HIST 4805A: Bad Archaeology: The Trade in Human Remains & Other Antiquities

By some reckonings, the economic value of the illegal trade in antiquities is on the same order of magnitude as that for drugs and weapons. This seminar will explore the 20th century history of looting, heritage crime, and the damage done by the wanton destruction of cultural heritage to feed this trade. It is offered in conjunction with the 2018 Shannon Lecture Series, ‘Bad Archaeology’ which explores the broader theme of the use and abuse of archaeological knowledge. Student projects will intersect with Graham and Huffer’s SSHRC-funded research project on the trade in human remains facilitated by social media. Students will develop and test digital humanities’ tools and approaches from this project in the broader antiquities trade.

Students in this seminar will thus make a real contribution to the study of heritage crime, and will be acknowledged on any resulting publications, and shed light on a trade conducted in the shadows.

Meeting Time

Wednesdays, 11:35 am - 2:25 pm, Loeb Building A204; Winter Term in Southam 408.

If you have a laptop, bring it. Even a tablet can be helpful.

I also require attendance at the ‘Bad Archaeology’ Shannon Lecture Series:

  • Donna Yates - Oct 12 - on the Persepolis fragment theft from the Montreal museum of fine arts, the broader trade in antiquities & Canada’s place in it
  • Steph Halmhofer - Oct 19 – on pseudoarchaeology and social media,
  • Kisha Suprenant - Nov 9 - on the abuse of archaeology against Metis peoples in Western Canada
  • Katherine Cook - Nov 23 – on digital public archaeology in Canada and digital colonialism
  • Morag Kersel – Nov 30 - on looting in the Near East

More details, including abstracts and the start time, will be provided. All Shannon Lectures will take place in DT2017.

Because I am expecting you to attend the Shannons, there will be five fewer sessions in the winter session.


The course is divided into two broad halves: the first half of the course sets the stage for your own research project you will undertake in the second. Each meeting will be a combination of discussion of readings, podcasts, or videos, and exercises designed to promote facility with digital research methods and sources. Each week, students will begin the class with a free-writing session. These are not formal essays, but rather more like research notes that summarize the elements that strike the student as most important, most puzzling, most surprising, most troubling… from these we will build a collaborative research discussion each week. These will be collated to our course website in the student posts section. Why? Because what we are doing is interesting; other people find value in it. Research is a conversation, and this is one of the ways we will give back.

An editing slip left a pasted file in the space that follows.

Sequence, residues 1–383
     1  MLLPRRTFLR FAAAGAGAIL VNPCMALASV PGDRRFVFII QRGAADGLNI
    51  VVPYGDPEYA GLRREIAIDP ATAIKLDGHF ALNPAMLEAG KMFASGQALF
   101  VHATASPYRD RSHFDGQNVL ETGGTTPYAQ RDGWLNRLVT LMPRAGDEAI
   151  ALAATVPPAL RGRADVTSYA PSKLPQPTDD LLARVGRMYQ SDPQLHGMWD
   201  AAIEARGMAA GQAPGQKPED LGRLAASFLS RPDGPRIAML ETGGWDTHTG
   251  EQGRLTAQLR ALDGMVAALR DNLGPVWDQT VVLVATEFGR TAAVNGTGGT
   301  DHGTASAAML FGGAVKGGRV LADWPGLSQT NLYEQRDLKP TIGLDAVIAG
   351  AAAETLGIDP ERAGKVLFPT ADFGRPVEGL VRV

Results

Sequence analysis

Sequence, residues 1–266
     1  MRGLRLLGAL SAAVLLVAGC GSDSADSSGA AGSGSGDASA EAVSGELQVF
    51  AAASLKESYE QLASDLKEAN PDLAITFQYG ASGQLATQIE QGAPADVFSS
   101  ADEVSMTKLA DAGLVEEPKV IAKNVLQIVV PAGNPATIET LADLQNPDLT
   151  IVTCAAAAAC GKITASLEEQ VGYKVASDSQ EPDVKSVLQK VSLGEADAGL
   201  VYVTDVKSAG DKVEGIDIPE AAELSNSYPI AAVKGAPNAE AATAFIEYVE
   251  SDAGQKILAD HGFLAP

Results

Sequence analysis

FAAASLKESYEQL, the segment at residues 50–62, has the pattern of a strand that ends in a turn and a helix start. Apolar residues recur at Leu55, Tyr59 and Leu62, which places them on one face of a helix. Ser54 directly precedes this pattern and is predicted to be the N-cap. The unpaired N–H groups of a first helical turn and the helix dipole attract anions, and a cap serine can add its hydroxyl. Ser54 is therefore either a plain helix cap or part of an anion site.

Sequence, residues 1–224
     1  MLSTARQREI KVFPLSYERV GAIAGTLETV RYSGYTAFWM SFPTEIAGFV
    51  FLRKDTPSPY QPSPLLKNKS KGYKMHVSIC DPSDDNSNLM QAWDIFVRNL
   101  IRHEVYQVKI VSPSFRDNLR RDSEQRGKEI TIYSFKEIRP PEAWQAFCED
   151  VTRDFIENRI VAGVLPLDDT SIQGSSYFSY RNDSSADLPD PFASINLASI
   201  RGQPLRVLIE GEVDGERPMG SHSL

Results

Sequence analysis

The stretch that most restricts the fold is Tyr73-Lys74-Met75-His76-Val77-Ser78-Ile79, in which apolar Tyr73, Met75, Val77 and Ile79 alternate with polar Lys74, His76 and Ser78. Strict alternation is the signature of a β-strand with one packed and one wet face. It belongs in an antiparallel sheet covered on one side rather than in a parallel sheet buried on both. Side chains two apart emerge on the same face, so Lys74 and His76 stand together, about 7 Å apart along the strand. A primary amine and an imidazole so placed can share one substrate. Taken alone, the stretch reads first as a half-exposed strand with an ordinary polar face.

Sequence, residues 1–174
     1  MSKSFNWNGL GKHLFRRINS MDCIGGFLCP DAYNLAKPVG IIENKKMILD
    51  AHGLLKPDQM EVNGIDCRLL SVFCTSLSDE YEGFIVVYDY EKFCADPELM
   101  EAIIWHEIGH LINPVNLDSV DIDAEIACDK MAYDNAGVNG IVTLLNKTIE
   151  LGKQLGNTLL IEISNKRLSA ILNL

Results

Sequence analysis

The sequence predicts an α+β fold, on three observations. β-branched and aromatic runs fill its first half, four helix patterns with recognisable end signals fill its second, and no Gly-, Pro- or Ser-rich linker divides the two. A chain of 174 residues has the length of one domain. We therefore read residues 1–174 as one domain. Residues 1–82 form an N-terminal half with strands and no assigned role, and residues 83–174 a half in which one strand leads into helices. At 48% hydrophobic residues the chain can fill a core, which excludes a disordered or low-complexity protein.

See the schedule for the readings for each week; in the second term take note of the precise meeting dates.


  • Classroom Presence 20%
  • Community of Practice 30%
  • Research Project 50%

Classroom Presence will be graded by your peers on a three point scale: excellent peer; supportive peer; could improve meaningfully. I will take the average of how your peers grade you.

Community of Practice will be graded by you. Details on how this plays out are on the schedule page, but in essence, you are making the argument for how you have made a meaningful contribution to our classroom learning.

Part of your Research Project grade will be determined by your presence and collaborative engagement in the second term ‘workshopping’ sessions.

Late Policy

Late work will not be graded. First term work is due on the last day of the fall term, winter term work (the second term research project) is due on the final day of winter term. In exceptional circumstances, alternative arrangements might be possible, if discussed and agreed with Dr. Graham. Classroom presence and community of practice will be graded at the end of the first term. Formative feedback is always available if you arrange to chat with Dr. Graham.

Online work policy

For anything that requires online work or presence (eg, usernames, accounts), you are under no obligation to use your real name.

In contrast to the official Carleton language to be used, I instead release this work under a Creative Commons Attribution-NonCommercial-ShareAlike 4.0 International License.

Statement on Class Conduct

The Carleton University Human Rights Policies and Procedures affirm that all members of the University community share a responsibility to:

  • promote equity and fairness,
  • respect and value diversity,
  • prevent discrimination and harassment, and
  • preserve the freedom of its members to carry out responsibly their scholarly work without threat of interference.

Carleton University Equity Services states that “every member of the University community has a right to study, work and live in a safe environment free of discrimination or harassment”.

Standing in a course is determined by the course instructor subject to the approval of the Faculty Dean. This means that grades submitted by the instructor may be subject to revision. No grades are final until they have been approved by the Dean.

Please also see the standard Carleton University details on accommodations, plagiarism, and so on.

Header Image Evan Dennis,